'70s Golden Age Actor Running for U.S. Senate Seat

Tod Hunter
ASHLAND, Ky. — Actor Sonny Landham, who starred in several '70s Golden Age movies before moving on to mainstream acting, is running for the U.S. Senate seat of Republican Mitch McConnell as a Libertarian.

Landham's adult film credits include "Slippery When Wet," "The Switch," "The Private Afternoons of Pamela Mann" and the title role in "Big Abner." His mainstream appearances have included parts in TV shows "Miami Vice," "The Fall Guy" and "The A-Team," and films including John Cassavetes' 1980 "Gloria," "Predator," "48 Hrs," "Poltergeist" and "Southern Comfort."

To qualify for the November ballot, Landham must collect at least 5,000 valid signatures on petitions by Aug. 12. State Libertarian Party Chairman Ken Moellman said the petition drive began recently and he believes Landham will make it. When asked by reporters if his past in adult films would hurt him politically, Landham replied, "What can I do? That was a part of my life you cannot call back. If I was going to do it now — knowing that I'm going to have four children, knowing that I was going to run for office — no, I wouldn't make that choice. But at the time I made the choice of getting a paycheck, staying alive for your big break."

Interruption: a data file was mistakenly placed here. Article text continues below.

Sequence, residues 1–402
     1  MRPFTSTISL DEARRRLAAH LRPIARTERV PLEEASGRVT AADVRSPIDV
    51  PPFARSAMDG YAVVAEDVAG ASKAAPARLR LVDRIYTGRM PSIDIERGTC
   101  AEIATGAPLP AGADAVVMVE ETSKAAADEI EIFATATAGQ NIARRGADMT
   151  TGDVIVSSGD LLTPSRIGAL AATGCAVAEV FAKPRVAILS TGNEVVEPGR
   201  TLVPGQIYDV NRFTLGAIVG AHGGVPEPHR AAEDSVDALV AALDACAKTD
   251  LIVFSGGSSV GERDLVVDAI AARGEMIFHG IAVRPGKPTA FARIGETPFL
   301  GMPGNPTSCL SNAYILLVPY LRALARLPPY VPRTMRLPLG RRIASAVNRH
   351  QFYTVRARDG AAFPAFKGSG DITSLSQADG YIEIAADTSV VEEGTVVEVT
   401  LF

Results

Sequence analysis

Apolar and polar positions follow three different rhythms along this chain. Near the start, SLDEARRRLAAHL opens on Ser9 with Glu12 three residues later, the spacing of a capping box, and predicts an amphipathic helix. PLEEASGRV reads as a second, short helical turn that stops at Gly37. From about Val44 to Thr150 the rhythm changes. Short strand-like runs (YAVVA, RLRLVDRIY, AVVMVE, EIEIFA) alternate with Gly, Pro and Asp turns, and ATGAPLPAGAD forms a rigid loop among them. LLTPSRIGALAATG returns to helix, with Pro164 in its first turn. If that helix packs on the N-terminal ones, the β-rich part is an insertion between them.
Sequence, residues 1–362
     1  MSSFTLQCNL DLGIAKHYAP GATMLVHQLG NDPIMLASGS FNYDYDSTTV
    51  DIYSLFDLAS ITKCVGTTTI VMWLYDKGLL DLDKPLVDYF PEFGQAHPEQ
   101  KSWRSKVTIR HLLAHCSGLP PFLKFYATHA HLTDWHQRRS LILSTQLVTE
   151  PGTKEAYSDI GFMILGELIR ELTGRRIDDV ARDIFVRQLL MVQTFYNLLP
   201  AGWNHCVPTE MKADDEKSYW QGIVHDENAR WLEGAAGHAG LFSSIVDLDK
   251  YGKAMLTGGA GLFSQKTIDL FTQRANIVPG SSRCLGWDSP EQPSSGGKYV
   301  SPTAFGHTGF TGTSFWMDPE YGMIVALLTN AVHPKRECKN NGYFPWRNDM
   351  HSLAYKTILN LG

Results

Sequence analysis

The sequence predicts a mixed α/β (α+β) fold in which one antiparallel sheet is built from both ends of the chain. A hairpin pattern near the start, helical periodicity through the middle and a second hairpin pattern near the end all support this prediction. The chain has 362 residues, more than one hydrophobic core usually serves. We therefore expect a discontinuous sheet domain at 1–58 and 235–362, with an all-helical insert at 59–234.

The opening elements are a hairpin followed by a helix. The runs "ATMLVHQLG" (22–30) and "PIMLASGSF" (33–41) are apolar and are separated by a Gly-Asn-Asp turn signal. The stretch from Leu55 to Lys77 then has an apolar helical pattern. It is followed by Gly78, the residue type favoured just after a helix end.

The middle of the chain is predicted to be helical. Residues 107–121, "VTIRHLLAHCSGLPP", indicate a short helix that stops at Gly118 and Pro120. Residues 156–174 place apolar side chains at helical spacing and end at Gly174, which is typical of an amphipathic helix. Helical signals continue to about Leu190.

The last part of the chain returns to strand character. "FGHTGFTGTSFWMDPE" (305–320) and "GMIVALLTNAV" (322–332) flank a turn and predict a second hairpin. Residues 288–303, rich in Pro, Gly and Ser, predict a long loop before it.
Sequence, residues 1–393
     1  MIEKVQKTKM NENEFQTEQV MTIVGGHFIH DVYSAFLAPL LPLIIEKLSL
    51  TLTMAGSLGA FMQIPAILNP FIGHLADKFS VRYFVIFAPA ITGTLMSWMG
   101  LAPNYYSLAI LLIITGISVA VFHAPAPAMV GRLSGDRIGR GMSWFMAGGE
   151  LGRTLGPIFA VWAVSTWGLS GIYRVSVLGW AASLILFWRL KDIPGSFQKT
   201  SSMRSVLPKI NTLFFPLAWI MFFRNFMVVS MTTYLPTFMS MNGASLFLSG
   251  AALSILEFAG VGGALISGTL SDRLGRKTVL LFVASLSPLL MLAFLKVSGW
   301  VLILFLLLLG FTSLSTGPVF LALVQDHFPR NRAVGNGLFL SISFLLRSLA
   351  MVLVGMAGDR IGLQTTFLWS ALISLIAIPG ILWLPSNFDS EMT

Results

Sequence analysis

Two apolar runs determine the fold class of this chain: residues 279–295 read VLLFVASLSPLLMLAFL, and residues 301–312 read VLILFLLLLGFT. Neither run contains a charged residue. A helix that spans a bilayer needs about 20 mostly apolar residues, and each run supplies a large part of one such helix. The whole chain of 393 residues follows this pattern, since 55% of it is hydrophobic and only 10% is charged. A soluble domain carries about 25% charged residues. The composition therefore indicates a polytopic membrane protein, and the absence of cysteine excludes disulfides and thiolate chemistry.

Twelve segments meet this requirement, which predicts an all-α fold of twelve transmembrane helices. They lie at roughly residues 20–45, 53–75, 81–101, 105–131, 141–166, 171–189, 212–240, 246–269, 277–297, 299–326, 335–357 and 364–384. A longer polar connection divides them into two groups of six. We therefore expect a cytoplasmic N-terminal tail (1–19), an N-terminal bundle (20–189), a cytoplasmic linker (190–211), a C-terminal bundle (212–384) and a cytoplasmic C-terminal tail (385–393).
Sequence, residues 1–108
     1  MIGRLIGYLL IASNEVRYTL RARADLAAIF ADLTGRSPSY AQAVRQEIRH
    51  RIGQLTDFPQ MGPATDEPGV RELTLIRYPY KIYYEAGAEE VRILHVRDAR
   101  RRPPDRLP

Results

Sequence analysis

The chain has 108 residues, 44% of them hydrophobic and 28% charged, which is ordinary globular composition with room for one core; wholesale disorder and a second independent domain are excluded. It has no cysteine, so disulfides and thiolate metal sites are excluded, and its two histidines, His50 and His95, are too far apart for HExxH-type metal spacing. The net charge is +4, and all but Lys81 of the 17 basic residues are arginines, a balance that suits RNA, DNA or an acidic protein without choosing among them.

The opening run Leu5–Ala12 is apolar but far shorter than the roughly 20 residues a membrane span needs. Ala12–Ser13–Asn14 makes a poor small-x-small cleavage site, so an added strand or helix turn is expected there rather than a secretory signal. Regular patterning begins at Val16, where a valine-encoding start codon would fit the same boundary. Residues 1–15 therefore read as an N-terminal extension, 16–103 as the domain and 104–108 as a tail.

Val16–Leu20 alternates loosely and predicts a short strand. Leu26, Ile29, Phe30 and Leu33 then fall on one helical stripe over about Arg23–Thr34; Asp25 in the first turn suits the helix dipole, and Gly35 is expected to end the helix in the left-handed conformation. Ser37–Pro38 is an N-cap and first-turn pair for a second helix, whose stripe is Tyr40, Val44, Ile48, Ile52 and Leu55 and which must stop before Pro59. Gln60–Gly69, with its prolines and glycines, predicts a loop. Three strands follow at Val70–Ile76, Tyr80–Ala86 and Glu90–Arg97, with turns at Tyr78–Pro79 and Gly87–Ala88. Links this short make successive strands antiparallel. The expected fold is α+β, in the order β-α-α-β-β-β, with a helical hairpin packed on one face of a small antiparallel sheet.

He also served more than 2 1/2 years in federal prison after being convicted of making threatening and obscene phone calls to his ex-wife, a conviction that was thrown out by a federal appeals court that found he committed no crime.

Landham considered running for governor as a Republican in 2003, then left the GOP and promised to run as an independent. He ultimately stayed out and backed Republican Ernie Fletcher, who won.

"I'm not sure which is more of a hurdle for Landham, being a former porn actor or being a Libertarian Party candidate," political scientist Michael Baranowski of Northern Kentucky University said. "But if the race between McConnell and [Democratic challenger Bruce] Lunsford is tight enough, the votes Landham pulls from McConnell might be critical."

A recent poll showed voters opting 50 percent for McConnell, 46 percent for Lunsford, and 4 percent undecided.